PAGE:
An anxious desire to gain all the information possible to be attained, that I'might disseminate the same to the different lodges and brethren under my jurisdiction, as Grand Sire of the United States of America, has induced me twice, since I have been honored with the confidence of my brethren, to visit the different states where lodges were held, and the happy effect arising from it has now caused me to traverse some thousands of miles of the Atlantic, that I may obtain still more information, which I am confident it is in your power to give-and that you will bestow it with a libera. hand—in return for which, any information which may be in my power to communicate will be cheerfully imparted, either to the lodge, as respects the affairs of the Order, or to individual brethren, in any matter of general interest.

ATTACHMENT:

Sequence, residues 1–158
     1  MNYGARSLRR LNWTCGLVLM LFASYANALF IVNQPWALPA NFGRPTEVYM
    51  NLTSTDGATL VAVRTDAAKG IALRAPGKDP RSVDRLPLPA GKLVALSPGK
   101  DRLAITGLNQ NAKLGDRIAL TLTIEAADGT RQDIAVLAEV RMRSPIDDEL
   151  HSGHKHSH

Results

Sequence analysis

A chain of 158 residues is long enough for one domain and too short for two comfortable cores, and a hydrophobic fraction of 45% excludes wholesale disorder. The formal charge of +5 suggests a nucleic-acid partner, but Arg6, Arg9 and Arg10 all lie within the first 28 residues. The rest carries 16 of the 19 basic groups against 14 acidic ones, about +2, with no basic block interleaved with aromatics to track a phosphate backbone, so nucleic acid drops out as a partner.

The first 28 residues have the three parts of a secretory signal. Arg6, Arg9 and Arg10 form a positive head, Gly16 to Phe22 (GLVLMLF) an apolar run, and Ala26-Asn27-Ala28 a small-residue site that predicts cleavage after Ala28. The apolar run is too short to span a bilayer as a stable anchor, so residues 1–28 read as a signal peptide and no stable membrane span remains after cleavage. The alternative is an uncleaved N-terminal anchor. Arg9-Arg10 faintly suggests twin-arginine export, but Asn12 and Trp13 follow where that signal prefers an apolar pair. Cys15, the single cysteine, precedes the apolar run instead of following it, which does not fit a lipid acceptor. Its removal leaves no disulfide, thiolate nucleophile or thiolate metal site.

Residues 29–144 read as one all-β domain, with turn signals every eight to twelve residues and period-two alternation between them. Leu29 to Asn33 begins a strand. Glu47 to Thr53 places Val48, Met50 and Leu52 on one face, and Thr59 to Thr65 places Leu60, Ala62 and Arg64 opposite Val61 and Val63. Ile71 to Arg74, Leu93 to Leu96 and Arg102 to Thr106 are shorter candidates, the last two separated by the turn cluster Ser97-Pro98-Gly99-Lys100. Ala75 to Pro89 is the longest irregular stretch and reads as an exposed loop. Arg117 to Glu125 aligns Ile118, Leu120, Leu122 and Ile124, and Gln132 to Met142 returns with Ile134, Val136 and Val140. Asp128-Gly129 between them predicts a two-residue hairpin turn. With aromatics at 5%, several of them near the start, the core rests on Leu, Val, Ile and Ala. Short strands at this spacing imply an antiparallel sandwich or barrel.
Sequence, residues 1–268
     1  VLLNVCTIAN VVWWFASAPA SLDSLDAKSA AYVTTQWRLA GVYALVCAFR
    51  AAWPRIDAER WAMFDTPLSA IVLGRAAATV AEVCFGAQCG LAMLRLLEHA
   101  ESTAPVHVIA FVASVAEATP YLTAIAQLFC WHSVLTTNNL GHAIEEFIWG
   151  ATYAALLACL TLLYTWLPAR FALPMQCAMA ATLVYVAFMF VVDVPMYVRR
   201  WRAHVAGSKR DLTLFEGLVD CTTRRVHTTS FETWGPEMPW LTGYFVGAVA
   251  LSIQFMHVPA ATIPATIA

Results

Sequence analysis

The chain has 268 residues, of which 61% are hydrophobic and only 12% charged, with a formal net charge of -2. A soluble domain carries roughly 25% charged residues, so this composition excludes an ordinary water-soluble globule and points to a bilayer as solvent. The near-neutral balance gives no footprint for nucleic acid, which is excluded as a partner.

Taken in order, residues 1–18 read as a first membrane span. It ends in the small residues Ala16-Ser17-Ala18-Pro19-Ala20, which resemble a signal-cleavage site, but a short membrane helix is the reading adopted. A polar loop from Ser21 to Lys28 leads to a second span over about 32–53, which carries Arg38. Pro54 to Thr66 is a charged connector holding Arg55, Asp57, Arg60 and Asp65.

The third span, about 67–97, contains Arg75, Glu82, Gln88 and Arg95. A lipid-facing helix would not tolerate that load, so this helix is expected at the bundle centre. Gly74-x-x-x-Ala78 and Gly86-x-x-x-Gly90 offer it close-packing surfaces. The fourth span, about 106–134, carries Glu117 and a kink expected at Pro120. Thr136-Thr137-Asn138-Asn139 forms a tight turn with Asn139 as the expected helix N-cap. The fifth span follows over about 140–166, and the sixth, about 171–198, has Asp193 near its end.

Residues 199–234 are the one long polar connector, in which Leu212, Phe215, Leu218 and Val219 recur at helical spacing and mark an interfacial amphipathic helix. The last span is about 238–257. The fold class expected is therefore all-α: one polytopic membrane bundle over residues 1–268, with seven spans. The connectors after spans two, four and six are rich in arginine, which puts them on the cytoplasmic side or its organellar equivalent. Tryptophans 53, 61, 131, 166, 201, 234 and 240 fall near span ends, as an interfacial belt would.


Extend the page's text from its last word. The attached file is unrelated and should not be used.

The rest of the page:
The principal communication which it will be in my power to make, will probably be the degrees of the Covenant and Remembrance, both of which we have found useful and highly instructive. They are the production of our deceased brother, J. P. Entwisle, Past Grand, and having been adopted by all the lodges in America, I flatter myself you will also adopt them in this country, and that you will derive much pleasure and information from them.

As my stay will necessarily be short, I hope the brothers of the Order will not be backward in giving their attendance while I remain among them, as it is the last, as well as the first time, that I may be so fortunate as to meet with them.